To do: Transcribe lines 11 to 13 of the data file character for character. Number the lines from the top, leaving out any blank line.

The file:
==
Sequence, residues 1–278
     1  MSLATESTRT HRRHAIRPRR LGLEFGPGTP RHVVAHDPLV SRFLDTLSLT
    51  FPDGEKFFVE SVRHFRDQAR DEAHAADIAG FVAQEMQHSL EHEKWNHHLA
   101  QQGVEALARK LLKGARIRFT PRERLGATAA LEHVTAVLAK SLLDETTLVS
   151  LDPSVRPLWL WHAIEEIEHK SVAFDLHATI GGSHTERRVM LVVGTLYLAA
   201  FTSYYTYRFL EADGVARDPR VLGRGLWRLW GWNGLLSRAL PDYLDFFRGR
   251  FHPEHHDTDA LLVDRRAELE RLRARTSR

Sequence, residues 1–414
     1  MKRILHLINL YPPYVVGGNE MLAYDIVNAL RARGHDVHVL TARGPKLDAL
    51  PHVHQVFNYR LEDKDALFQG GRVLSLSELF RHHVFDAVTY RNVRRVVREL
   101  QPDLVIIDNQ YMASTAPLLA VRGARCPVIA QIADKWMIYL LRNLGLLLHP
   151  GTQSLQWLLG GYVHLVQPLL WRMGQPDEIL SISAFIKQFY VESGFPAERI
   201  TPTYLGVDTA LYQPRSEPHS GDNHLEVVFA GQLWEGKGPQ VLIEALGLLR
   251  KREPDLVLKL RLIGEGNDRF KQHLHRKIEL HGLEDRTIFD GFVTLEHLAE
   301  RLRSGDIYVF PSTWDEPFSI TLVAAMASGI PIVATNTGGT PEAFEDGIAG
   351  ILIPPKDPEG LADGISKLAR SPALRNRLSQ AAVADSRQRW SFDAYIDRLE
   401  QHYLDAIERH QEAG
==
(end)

   101  QPDLVIIDNQ YMASTAPLLA VRGARCPVIA QIADKWMIYL LRNLGLLLHP
   151  GTQSLQWLLG GYVHLVQPLL WRMGQPDEIL SISAFIKQFY VESGFPAERI
   201  TPTYLGVDTA LYQPRSEPHS GDNHLEVVFA GQLWEGKGPQ VLIEALGLLR